kitchen-sink melo­drama about two fam­i­lies who are to be joined by mar­riage but are in­stead cooked, ir­ra­di­ated, scarred and then starved by the nu­clear bomb­ing of Sh­effield. Char­ac­ters die hor­ri­bly, dis­ap­pear with­out ex­pla­na­tion or scav­enge amid the ru­ins for ed­i­ble rats.

It’s quite good on the bu­reau­cracy of post-apoc­a­lyp­tic Bri­tain, with un­der­ground com­mand cen­tres giv­ing way to a nu­clear win­ter, au­to­cratic rule, ra­tioning, a pre-in­dus­trial farming so­ci­ety, feral chil­dren and, in its fi­nal scene, the birth of a mu­tant baby. It’s not at all like the re­cent Sarah Hard­ing pop sin­gle of the same name. As far as I know.

Lest, as a child of the 1980s, you re­mained un­ter­ri­fied by th­ese pro­grammes, Jimmy Mu­rakami adapted Ray­mond Briggs’s graphic novel When the

Wind Blows in 1986. In the same aes­thetic style as The Snow­man, it fol­lows an el­derly couple (based on Briggs’s ac­tual par­ents) who, with the can-do spirit of an ear­lier war, obey civil de­fence in­struc­tion, build a shel­ter, lis­ten to the ra­dio, then slowly die of ra­di­a­tion sick­ness.

Not all doom and gloom

Other de­pic­tions made nu­clear holo­caust look like great craic al­to­gether. Johnny Al­pha of John Wag­ner’s Stron­tium Dog in the comic 2000AD gained weird mu­tant pow­ers from in-utero ex­po­sure to the ra­dioac­tive iso­tope Stron­tium 90, which is a much prefer­able re­sponse to fallout than starv­ing as your hair falls out. Both Zar­doz and Planet of the

Apes sug­gested that nu­clear win­ter would be fol­lowed by ef­fete im­mor­tals liv­ing in a bub­ble or a planet run by dirty apes (spoiler alert: it was Earth all along!). Both were united in their cer­tainty that there would still be ma­cho men march­ing around in nap­pies (Sean Con­nery and Charl­ton He­ston). It was the 1970s.

Mad Max promised post-apoc­a­lyp­tic car chases.

Akira pre­dicted psy­chic bik­ers. Buck Rogers in the 25th Cen­tury sug­gested that nu­clear war in 1987 would lead even­tu­ally to a so­ci­ety of tight-fit­ting jump­suits and camp ro­bots.

In the 1990s, the Cold War was re­ced­ing into the past and so was the fear. In the fi­nale of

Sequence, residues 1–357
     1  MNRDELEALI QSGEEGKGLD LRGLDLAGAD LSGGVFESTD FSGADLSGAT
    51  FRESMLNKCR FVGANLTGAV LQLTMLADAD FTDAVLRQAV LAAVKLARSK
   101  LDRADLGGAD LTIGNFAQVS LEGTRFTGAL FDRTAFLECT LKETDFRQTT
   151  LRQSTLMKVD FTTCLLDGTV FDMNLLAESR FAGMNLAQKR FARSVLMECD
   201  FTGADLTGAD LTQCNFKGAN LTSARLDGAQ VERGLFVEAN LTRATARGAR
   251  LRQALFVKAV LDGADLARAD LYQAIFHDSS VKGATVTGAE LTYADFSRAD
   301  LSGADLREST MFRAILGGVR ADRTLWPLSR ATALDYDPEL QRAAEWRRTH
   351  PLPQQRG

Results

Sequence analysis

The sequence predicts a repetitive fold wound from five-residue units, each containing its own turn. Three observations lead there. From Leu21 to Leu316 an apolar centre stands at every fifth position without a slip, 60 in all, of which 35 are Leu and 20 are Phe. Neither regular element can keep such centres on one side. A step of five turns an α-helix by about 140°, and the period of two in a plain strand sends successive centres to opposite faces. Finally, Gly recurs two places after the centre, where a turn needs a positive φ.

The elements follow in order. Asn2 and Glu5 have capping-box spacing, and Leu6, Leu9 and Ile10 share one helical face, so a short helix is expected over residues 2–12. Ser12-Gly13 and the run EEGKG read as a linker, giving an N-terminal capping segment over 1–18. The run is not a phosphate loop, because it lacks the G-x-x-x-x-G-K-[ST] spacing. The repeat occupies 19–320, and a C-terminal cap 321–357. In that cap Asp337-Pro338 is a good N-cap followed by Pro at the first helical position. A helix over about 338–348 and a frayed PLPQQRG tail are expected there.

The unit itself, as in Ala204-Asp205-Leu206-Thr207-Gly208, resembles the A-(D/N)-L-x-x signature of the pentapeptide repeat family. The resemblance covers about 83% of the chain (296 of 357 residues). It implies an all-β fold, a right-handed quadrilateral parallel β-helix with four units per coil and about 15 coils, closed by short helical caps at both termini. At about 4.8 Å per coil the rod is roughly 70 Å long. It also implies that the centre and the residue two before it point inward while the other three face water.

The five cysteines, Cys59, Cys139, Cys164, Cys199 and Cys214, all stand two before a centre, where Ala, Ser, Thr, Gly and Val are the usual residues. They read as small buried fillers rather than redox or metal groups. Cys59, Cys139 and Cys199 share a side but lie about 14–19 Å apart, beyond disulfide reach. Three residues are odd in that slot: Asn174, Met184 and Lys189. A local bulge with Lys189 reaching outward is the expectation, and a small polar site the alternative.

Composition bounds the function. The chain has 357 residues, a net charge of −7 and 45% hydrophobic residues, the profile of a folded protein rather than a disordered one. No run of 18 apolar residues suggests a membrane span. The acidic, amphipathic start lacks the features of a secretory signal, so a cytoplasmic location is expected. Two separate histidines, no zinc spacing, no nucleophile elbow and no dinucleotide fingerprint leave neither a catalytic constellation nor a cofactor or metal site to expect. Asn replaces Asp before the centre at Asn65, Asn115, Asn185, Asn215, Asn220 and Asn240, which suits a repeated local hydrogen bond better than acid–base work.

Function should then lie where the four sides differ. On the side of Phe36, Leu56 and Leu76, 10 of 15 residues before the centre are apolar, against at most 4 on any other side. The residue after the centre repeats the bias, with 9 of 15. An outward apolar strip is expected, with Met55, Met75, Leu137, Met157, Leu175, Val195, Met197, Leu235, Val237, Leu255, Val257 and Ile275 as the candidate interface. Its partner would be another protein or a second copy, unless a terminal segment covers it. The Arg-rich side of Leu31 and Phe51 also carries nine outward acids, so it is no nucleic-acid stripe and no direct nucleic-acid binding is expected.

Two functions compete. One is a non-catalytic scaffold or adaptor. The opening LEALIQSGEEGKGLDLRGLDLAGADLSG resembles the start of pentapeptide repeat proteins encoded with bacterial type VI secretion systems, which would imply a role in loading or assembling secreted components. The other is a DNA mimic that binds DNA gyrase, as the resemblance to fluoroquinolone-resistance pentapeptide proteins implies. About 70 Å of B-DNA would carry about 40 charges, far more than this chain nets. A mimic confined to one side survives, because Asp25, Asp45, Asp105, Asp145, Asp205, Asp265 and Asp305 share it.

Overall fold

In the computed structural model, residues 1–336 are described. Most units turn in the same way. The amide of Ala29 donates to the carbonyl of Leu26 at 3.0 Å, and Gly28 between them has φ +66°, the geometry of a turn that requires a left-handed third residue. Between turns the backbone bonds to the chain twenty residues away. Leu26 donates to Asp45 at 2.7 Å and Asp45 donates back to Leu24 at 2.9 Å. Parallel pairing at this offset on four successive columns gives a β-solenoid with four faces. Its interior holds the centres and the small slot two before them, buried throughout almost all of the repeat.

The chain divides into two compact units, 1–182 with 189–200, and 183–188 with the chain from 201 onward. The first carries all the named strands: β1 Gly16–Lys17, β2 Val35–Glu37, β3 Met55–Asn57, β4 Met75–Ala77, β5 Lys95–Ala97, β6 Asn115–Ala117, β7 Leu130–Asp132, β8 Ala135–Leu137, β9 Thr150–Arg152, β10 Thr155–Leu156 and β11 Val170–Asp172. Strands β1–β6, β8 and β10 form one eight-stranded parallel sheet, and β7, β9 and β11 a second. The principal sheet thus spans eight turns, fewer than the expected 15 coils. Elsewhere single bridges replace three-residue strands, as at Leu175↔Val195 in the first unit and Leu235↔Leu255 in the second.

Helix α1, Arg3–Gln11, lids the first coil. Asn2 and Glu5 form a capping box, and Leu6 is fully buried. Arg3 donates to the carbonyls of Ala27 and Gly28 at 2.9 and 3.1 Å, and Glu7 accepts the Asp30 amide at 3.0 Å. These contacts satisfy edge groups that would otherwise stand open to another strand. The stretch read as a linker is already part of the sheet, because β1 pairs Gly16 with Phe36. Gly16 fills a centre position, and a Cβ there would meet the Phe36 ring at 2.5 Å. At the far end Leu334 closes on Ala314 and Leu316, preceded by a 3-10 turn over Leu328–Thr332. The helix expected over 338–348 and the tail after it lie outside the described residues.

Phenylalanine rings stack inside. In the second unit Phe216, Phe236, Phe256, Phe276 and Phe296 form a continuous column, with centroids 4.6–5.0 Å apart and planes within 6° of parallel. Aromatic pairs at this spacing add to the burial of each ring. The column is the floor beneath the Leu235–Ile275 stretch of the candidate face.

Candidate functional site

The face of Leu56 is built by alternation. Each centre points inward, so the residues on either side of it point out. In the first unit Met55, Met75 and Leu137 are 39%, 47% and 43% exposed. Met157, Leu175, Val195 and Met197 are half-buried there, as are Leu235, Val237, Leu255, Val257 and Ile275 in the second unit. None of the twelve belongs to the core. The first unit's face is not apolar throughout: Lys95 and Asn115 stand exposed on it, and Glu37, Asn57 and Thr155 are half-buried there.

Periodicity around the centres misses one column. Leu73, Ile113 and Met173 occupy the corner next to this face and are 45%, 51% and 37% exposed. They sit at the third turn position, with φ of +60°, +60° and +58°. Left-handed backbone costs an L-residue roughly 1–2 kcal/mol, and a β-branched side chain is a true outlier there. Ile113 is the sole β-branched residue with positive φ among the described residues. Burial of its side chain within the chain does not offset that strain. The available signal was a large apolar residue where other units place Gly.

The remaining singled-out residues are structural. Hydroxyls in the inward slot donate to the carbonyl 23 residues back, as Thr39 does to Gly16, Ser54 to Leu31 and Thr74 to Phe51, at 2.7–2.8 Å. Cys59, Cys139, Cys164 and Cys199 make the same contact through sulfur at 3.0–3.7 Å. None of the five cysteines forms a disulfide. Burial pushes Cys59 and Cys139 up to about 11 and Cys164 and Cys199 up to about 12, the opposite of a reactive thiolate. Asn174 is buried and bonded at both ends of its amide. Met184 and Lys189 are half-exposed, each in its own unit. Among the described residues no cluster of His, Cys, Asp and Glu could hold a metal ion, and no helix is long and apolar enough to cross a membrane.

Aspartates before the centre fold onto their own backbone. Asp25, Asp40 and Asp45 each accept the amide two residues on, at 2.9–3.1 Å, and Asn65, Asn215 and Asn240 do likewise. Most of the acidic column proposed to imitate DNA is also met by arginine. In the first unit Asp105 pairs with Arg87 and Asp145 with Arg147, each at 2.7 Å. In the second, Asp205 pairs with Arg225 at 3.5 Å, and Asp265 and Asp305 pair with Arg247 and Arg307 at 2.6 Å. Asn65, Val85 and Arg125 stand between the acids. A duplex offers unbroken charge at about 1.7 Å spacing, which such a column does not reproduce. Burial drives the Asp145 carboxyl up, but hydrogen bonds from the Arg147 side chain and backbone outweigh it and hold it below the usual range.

Di­nosaurs (1994) the pro­tag­o­nists face death in an ap­prox­i­ma­tion of nu­clear win­ter (bleak­est end­ing to an an­i­mated fam­ily sit­com ever). And The Post­man (1997) de­picts a post-apoc­a­lyp­tic Amer­ica in which Tom Petty, play­ing him­self, sur­vives a nu­clear waste­land, which seems ac­cu­rate, but in which Kevin Cost­ner be­comes a post­man, which does not (I wouldn’t trust Kevin Cost­ner with my let­ters).

In re­cent times there’s been a resur­gence of post-apoc­a­lyp­tic and dystopian fic­tion, but most of the sce­nar­ios are built on vague fears and anx­i­eties about in­di­vid­u­al­ity and con­trol, rather than real fear of a spe­cific thing that gen­uinely might hap­pen at any mo­ment (most of the new dystopias avoid the very real threat of cli­mate change).

Peo­ple aren’t scared of the nu­clear apoc­a­lypse any more (though Eric Schlosser ar­gues that we should be) so now it rarely fea­tures in pop cul­ture. Heart­en­ingly, the one ex­cep­tion is Pendle­ton Ward’s Ad­ven­ture

Time, a mag­i­cal chil­dren’s show set 1,000 years af­ter hu­man­ity’s de­struc­tion in the “the mush­room wars”.

As I watch the skulls and war­heads in the open­ing cred­its, I feel the fa­mil­iar chill of terror in my spine. It feels like com­ing home.

Nu­clear apoc­a­lypse wasn’t, in those days, a hy­po­thet­i­cal thought ex­per­i­ment or metaphor for mil­len­nial un­ease, but an im­me­di­ate prob­a­bil­ity